Wouldn’t it be nice if we could use a similar method to convert numbers into symbols on Wikipedia? Now we can:

I created a small Lua script (my first) called ‘Repeat_symbols’ to translate numbers into icons. Within 20 minutes the entire script had been replaced by a better version,. Thanks again, Jackmcbarn.




Using fast and slow traffic to symbolize land size was a compromise. I tried many symbols but most didn’t work at this small size. Suggestions welcome.

The following image is a tiny section from a huge table, that compares all European countries (and then some), in terms of population, land area, GDP. You can see at a glance that Russia is much larger in land area than my country: the Netherlands. Who would have thought :-)

What did surprise me was that Russia’s GDP is not even 3 times as much a that of the Netherlands. I told several people and they hardly believed. (click to zoom)

Also, instead of presenting the raw numbers I show all metrics as percentages of the EU total, which makes it much easier to evaluate and even remember some of them, especially when you see the full table with European countries (and a few more).



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Traffic to Wikipedia’s mobile site is growing fast

Since 2008 WMF count monthly page views for the non-mobile site.
Since June 2010 also for the mobile site.

From the respective monthly totals we can calculate which share of the traffic goes to the mobile site. Evidently this share has grown dramatically over recent years.

The first chart shows the trend for the eight most read Wikipedias.


The second chart shows the same trends, now for the nine ‘most mobile’ Wikipedias
(which also are above a threshold popularity of 1 million views a month).




Please don’t confuse traffic to the mobile site with traffic from mobile devices. One can choose to visit the non-mobile site from a phone or tablet. One can choose to visit the mobile site from a desktop computer.

These numbers have been collected with webstatscollector. There are a numbers of issues with that tool. My colleagues Christian Aistleitner and Andrew Otto are working on a new version of the tool, which will be more robust, more precise in which messages to count, and draw data from the new Kafka infrastructure instead of direct messages from each server (via udp2log). Later on with that new infrastructure we will also be able to do a more complete breakdown, by country, and hence by region.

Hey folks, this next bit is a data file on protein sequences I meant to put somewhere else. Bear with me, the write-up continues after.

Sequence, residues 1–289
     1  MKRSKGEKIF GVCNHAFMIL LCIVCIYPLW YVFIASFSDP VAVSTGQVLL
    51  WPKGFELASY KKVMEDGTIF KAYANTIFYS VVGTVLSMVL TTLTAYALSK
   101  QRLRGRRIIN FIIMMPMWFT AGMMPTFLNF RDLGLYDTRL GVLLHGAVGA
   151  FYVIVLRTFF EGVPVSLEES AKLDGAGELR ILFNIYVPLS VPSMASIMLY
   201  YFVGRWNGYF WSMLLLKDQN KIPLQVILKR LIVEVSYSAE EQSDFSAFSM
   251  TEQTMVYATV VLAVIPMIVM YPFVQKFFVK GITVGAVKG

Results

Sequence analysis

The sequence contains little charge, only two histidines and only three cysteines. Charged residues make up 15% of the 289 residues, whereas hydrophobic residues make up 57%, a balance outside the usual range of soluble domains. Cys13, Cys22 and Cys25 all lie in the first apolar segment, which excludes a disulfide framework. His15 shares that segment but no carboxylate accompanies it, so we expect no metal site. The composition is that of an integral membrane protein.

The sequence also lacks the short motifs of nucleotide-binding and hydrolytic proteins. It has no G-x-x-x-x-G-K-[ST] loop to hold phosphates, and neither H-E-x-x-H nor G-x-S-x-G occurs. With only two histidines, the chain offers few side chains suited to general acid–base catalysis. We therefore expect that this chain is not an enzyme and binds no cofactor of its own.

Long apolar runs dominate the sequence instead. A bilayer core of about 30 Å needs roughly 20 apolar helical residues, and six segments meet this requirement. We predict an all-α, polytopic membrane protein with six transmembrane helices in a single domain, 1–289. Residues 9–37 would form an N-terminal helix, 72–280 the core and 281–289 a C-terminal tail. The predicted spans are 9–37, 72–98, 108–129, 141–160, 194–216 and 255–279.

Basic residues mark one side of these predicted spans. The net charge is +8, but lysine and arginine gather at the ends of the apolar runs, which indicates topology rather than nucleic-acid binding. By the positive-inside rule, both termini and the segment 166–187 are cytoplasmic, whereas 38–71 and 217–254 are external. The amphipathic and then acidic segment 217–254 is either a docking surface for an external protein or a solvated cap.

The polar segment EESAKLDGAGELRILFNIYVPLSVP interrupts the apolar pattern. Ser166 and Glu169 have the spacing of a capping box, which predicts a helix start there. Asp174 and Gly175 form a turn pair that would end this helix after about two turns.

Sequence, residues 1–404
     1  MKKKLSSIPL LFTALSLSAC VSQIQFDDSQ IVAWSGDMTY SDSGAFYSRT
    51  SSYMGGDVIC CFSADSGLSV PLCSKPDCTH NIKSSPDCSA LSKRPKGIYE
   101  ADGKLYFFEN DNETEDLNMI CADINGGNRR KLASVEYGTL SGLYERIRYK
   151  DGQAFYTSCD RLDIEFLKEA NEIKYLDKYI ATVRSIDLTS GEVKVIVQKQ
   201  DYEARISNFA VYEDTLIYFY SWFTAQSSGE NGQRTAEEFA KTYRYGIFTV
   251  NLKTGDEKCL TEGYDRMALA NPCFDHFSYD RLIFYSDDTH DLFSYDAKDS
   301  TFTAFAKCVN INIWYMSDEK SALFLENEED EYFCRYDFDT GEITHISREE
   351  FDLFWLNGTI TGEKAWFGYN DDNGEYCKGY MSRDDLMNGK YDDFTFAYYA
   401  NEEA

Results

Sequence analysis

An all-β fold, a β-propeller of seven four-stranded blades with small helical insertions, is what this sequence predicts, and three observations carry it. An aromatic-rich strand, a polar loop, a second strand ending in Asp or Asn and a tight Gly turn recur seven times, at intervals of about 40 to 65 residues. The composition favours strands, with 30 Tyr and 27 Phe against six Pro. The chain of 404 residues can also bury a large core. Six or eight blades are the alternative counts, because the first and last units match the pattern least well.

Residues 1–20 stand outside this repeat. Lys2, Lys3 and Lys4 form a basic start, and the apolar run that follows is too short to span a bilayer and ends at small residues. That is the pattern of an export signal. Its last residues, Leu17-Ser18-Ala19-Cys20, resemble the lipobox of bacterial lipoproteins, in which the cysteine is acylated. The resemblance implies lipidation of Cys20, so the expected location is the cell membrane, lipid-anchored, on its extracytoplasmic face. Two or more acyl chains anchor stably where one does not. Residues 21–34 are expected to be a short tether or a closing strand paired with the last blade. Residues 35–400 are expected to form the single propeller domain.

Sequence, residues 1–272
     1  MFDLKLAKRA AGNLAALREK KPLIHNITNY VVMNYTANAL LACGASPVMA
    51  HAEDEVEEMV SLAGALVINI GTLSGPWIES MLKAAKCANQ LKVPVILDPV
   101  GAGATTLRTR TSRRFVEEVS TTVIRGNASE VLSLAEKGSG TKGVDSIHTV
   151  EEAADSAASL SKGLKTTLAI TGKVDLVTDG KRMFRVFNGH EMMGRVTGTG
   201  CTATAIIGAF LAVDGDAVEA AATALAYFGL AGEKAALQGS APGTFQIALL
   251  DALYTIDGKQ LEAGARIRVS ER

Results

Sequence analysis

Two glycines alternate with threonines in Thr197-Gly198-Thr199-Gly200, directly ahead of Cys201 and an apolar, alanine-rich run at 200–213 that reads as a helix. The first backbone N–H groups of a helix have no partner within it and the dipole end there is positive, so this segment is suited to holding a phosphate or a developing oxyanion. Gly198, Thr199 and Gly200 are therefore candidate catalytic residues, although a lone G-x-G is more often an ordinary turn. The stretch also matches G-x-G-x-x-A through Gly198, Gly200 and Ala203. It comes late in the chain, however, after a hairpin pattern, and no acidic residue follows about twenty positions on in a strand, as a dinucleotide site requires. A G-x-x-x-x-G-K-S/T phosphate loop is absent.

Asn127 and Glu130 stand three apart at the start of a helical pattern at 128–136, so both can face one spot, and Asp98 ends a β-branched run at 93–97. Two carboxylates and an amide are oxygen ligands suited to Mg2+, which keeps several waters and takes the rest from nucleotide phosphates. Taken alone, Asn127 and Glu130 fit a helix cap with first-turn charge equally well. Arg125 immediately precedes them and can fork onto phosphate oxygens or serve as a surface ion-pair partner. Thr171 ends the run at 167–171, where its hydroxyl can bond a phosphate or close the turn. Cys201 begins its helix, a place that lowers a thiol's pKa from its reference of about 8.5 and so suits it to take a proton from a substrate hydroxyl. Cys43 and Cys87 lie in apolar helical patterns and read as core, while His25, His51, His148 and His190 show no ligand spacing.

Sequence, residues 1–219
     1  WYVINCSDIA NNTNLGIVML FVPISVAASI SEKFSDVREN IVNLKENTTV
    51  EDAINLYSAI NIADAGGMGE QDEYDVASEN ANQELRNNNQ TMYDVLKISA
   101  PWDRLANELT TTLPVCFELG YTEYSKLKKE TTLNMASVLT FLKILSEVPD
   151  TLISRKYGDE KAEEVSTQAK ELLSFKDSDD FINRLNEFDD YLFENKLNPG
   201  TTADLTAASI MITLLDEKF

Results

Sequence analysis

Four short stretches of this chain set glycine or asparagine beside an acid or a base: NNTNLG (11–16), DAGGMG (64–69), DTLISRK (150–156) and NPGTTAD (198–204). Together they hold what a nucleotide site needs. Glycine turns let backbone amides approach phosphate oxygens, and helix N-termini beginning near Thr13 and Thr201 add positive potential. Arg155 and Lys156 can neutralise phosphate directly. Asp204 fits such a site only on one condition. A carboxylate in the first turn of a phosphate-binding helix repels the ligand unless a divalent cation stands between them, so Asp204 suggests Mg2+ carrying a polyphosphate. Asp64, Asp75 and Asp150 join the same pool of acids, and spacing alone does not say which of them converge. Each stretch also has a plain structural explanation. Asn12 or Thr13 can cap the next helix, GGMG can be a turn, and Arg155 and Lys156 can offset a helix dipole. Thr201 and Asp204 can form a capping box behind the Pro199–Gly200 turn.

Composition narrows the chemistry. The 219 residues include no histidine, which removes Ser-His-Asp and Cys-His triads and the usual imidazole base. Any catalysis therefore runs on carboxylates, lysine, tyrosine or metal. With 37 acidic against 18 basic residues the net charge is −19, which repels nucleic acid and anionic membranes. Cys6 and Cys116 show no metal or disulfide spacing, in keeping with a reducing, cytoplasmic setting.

Data files

The following data files are available for offline analysis:

Pageview reports

The Wikipedia pageview reports now also show % mobile for last 24 months. Example: pageviews for Wikipedia, all platforms, normalized.

Breakdown by region (sort of)

Here, for what it’s worth, a breakdown by region, but languages spoken in several regions are listed separately. So please use these regional results with a grain of salt.

region: Africa

languages:aa:Afar, af:Afrikaans, ak:Akan, am:Amharic, arz:Egyptian Arabic, bm:Bambara, ee:Ewe, ff:Fulfulde, ha:Hausa, hz:Herero, ig:Igbo, kab:Kabyle, kg:Kongo, ki:Kikuyu, kj:Kuanyama, kr:Kanuri, lg:Ganda, ln:Lingala, mg:Malagasy, ng:Ndonga, nso:Northern Sotho, ny:Chichewa, om:Oromo, rn:Kirundi, rw:Kinyarwanda, sg:Sangro, sn:Shona, so:Somali, ss:Siswati, st:Sesotho, sw:Swahili, ti:Tigrinya, tn:Setswana, ts:Tsonga, tum:Tumbuka, tw:Twi, ve:Venda, wo:Wolof, xh:Xhosa, yo:Yoruba, zu:Zulu
perc mobile: 22.5%

regions: Africa/Asia
perc mobile: 37.8%

region: Artificial
languages:eo:Esperanto, ia:Interlingua, ie:Interlingue, io:Ido, jbo:Lojban, nov:Novial, vo:Volapük
perc mobile: 13.1%

region: Asia